Putin's Gay Problem Won't Go Away: More than two hundred people assembled their gay (and gay-lovin') selves outside the Russian consular residence in Seattle yesterday at peak evening-news-hour to protest Russia's new law that criminalizes being gay. It was one of more than 20 around the world yesterday. Anna describes Seattle's protest here. A middle-aged woman standing by the fence asked me, will these demonstrations fizzle out soon? The answer is no. This is going to get bigger. This will blow up in Putin's face and become a ball and chain that stalks him at least through the Winter Olympics, and this is why: Horror stories of Russian gays being beaten and arrested will be nonstop news. Ordinary cases of gay bashings that used to go largely unnoticed will be mainstream international stories. Like this gay activist who was arrested. Or this story last month about a gay Russian teenager was kidnapped and beaten until he died from the injuries. It's miserable that gay people and their supporters are suffering like this—but their suffering will become the impetus to cast global attention on gay rights. Russia's new anti-gay law and the urgency of the Olympic spotlight give every horrible incident instant news value that puts President Putin on the losing side of a fire hose of coverage. That coverage—the nonstop outrage that it creates—will fuel more protests and diplomatic action. A man like Putin does not rise to the top of Russia's political heap without having an outsize ego, and Putin's ego is going to get beaten into hamburger.
Obama on the Global Imperative for a Strike on Syria: He says that “I didn’t set a red line” on chemical weapons, which were allegedly used by the government against civilians. “The world set a red line.”
The Law Always Bends to Public Opinion: "A 30-day rape sentence given to a teacher who admitted to raping his 14-year-old student may be illegal, according to the Montana judge who imposed it," CNN reports. "It appears the mandatory minimum is two years, not 30 days, the order said. The case drew widespread attention when District Judge G. Todd Baugh imposed the 30-day sentence on Stacey Dean Rambold and made controversial comments about the victim, saying she 'seemed older than her chronological age.'"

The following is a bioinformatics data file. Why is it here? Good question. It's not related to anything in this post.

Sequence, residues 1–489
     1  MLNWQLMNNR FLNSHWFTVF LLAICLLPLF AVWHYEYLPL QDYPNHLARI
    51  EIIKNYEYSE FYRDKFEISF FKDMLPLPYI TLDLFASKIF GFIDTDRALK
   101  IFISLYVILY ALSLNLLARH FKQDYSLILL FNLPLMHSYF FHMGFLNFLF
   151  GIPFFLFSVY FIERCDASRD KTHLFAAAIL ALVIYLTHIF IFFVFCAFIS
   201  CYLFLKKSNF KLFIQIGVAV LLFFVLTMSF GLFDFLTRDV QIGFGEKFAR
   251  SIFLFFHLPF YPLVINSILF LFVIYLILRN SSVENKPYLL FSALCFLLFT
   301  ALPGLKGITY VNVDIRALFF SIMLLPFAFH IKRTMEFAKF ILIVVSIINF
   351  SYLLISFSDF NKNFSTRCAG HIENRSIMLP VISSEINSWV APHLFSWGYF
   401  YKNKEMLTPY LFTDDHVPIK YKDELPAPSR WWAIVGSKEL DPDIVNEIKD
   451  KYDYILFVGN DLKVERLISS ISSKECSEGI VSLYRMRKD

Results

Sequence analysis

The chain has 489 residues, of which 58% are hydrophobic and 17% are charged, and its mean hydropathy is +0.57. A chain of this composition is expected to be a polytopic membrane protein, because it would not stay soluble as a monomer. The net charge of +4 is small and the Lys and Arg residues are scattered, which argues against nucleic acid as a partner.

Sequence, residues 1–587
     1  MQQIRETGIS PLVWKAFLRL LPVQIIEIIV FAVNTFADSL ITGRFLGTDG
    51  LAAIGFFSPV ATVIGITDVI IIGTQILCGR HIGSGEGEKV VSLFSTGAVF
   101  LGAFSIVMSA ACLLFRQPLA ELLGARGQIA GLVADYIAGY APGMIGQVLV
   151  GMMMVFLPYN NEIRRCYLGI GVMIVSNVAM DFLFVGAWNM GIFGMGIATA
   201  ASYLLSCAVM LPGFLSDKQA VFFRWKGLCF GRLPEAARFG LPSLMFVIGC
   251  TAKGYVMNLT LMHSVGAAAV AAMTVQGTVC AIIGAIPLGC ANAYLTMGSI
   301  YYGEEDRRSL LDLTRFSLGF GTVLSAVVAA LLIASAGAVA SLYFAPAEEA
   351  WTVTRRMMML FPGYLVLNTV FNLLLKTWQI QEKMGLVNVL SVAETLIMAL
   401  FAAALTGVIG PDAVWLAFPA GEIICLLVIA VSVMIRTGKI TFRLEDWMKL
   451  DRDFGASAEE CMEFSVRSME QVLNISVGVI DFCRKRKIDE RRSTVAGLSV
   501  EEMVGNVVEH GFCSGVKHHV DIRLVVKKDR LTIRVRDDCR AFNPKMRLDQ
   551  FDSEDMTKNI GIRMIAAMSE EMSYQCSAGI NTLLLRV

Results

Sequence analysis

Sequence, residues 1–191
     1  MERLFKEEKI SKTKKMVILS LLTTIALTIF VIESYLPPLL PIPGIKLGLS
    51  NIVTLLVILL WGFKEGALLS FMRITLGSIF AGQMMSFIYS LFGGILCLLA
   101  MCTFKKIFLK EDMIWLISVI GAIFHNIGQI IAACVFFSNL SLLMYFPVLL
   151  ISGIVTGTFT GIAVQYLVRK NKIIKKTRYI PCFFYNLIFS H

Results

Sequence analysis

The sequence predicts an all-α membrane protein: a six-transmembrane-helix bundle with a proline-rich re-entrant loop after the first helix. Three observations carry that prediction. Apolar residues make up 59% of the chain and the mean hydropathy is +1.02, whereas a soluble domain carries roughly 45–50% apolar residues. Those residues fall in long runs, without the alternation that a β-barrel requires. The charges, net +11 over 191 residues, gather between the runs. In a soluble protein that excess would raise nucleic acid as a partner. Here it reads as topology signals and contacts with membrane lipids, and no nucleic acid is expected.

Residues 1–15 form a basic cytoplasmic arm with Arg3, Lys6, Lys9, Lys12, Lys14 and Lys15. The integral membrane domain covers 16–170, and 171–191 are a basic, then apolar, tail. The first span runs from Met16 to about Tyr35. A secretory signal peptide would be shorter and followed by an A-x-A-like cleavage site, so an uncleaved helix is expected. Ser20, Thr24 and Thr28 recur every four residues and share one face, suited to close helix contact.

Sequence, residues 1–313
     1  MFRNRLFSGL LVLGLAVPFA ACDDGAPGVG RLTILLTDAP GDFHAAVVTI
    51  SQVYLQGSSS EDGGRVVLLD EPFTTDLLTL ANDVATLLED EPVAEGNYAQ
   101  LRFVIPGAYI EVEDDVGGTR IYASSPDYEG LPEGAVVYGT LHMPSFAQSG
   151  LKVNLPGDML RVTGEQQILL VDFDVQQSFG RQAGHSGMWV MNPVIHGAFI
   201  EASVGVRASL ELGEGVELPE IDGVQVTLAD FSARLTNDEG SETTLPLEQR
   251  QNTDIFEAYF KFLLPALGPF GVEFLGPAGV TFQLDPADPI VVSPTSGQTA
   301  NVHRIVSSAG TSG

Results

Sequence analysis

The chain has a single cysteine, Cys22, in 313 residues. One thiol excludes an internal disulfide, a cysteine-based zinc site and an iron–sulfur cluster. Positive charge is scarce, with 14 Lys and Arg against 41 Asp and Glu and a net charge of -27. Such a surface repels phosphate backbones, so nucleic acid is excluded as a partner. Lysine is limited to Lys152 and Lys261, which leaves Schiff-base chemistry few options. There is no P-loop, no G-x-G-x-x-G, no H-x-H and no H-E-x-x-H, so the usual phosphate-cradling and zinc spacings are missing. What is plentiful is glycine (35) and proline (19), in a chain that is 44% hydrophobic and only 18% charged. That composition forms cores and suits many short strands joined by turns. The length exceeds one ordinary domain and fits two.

On the Other Side of the Door: Ariel Castro, who was convicted of capturing and abusing three young women for years, appears to have hanged himself in prison. In a statement, Cuyahoga County Prosecutor Timothy McGinty said, "This man couldn't take, for even a month, a small portion of what he had dished out for more than a decade," McGinty said in a statement."
What's Next—James Dobson Joining the Human Rights Campaign, Tim Burgess Joining the ACLU, the Seattle Times Editorial Board Joining Mensa International? Klansman gives $50 to join the NAACP.
Red Light, Green Light: A city report finds that Seattle's traffic signals are "trending toward failure," with many of the lights in poor condition, completely broken, and only re-timed every seven years (instead of the standard three years). The study funded by the Seattle City Council finds this may lead to a bloody victory for Mayor Mike McGinn's war on carsincreased congestion, delays, and accidents.
This Seattle Woman Is Missing: Can you help find her?
Russian Consule General Says Yesterday's Protest Was Based on Lies and Was a "Waste of Time": KUOW pinned down Andrey Yushmanov about the protest in front of his residence yesterday. He replied by e-mail:
As to the value of protests, I believe they can bring changes only if they’re honest and sincere and not misleading people. There is a flyer calling the people of Seattle to “make some noise and show … support for Russian queers” in front of our Consulate next week. Obviously based on wrong facts it seems to be just “some noise” and waste of time. Indeed there seems to be more sense in the calls to ban Vodka – reduction of alcohol consumption is anyway better.